So sue me, I was in Hawaii on vacation. The Big Island.
Not too shabby.
On our first full day we drove up the coast to see the petroglyph field. I don't know what those symbols mean (I don't read that language) but it was pretty cool all the same. Weird though because the petroglyph field is sandwiched neatly between a golf course and a, umm, whatchamacallit, condo village - you know, a bunch of fancy samey-samey condos scattered randomly-but-not-randomly around a little courtyard with shops and restaurants. In the middle of nowhere.
Then we drove down a little further to a beach to see green sea turtles. We should have been there earlier in the morning because we only saw two but they were quite close enough and looked pretty chill there on the algae-covered lava rocks in the sun.
Then we ate lunch. I had poke. It was good. You should try it if you like sushi or sashimi.
I think we may have gone to some beach or another that afternoon - it was a black sand beach (from the black lava rocks one assumes) and apart from the sand getting ridiculously hot, it was a pretty decent beach with good swimming waves and prettiness.
I also found a place that offered yoga classes on an open deck overlooking the ocean, so even though it's already a bit hot and humid at eight-thirty in the morning, the sea breeze makes it all pretty perfect.
And I managed to go twice.
The next day, or perhaps the day after, we realised that we simply had to go to the green sand beach, one of only four in the entire world. Bonus: it's just about at the southernmost tip of the United States. You thought Key West was the furthest south, and it is: of the continental US.
Only thing is that this beach has nothing, not even a road to it, so you drive south, and the take South Point Road until the cardboard sign proclaiming the turn-off to the green sands beach which goes to a rough gravel parking lot. You then start walking towards the sea until you find the massive ruts left by countless four-wheel drive vehicles that have bumped and scrambled over the dunes, digging ever deeper tracks until the tracks are impassible, and then making a new path. So you walk and you walk in the crazy wind and heat and humidity with a pack on your back with beach stuff and water and a snack or two and you keep trying to walk close to the sea because (a) it's prettier than the endless yellow rutted dirt and (b) you can't miss the beach if you stick to the coast and you try your very best to keep your long-legged 6'3" son in view so that you don't get lost and let me tell you, you're just about exhausted after two and a half miles of this and then you see this beach way down in the cinder cone and indeed the sand is green and you go "WTF? I can't get down there! I don't do rock-climbing and I'm definitely not belaying anything or rappelling anything else even if I had the equipment and then you walk around to where a few people are hanging around the 4WD vehicles and you see that the rocks have sand-carved steps that just fit your feet and so you walk down the side of the cinder cone to the green sands as if it were the staircase in an old movie.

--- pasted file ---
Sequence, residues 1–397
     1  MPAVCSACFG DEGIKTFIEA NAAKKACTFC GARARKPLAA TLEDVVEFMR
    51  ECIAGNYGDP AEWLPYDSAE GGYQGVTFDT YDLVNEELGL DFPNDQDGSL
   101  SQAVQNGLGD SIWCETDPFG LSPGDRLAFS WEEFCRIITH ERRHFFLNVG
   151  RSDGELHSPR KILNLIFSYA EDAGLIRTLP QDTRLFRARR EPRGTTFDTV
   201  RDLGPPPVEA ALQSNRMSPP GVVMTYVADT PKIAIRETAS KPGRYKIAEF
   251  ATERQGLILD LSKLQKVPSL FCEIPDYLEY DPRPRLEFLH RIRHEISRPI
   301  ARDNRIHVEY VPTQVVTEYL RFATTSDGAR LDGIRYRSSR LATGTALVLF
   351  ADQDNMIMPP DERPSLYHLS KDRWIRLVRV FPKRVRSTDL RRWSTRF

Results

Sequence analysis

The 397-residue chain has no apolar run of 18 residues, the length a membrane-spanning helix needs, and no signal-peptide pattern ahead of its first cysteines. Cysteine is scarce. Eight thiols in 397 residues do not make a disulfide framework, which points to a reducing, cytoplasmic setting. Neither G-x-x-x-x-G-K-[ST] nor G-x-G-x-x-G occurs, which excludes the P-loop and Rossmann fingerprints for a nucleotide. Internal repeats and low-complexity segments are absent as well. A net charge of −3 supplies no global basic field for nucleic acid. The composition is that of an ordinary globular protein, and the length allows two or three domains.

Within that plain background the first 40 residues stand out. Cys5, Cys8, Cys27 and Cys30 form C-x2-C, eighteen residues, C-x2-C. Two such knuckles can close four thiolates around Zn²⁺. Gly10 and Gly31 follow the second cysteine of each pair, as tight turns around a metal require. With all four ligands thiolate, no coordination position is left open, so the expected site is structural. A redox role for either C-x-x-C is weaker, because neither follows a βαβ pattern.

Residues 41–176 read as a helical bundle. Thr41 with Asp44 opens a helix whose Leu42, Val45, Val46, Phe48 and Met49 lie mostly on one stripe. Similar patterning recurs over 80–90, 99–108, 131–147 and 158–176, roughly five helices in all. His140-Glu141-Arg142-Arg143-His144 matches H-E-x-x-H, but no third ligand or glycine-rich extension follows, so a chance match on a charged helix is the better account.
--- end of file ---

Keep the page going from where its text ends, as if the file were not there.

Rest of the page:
It's obviously not an emerald green, it's more olive, but it's most definitely green. The water is cerulean and azure and aqua and turquoise and the swimming was good, especially after the windy, hot trek with the too-heavy backpack.
And then after catching your breath and cooling off you walk up the stairs and make your way back, hoping you're not lost when you don't find the parking-lot immediately, but eventually you do and then you savour the work to get to the place that's like magic in this gorgeous place.
The next day was The Day of the Tour.
I don't usually care for organised tours because of the crowds and the spoonfeeding and the expense but if we wanted to see sunset from the summit of Mauna Kea we'd need a 4WD vehicle in which we'd have to make our way down from fourteen thousand feet in the pitch dark because no lights because of the observatory and all those telescopes.
So we did the tour thing.
On the plus side: lots of time to knit on the bus and no driving. I don't adore driving on windy roads quite honestly.
After driving up and up they fed us an early dinner (in retrospect I think to help stave off altitude sickness by filling us with carbs) and drove up and up some more, showed us the various telescopes scattered around (three types: regular but humungous telescopes, microwave humungous telescopes and I think infrared humungous telescopes) and told us Stuff about them. One of the big ones had a mirror something like thirty feet across and was somewhere in the six to eight inches range thick, weight some crazy number of tons and took years to make in I think New Jersey or somewhere far away. It had to come up the mountain on roads barely wide enough for two small vehicles to pass each other and remain completely horizontal at all times, otherwise its own weight would have shattered it.